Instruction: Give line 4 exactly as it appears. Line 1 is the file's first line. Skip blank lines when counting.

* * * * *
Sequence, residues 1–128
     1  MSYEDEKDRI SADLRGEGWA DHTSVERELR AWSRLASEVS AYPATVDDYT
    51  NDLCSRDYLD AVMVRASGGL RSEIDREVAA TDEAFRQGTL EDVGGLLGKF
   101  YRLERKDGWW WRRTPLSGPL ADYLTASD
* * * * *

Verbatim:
   101  YRLERKDGWW WRRTPLSGPL ADYLTASD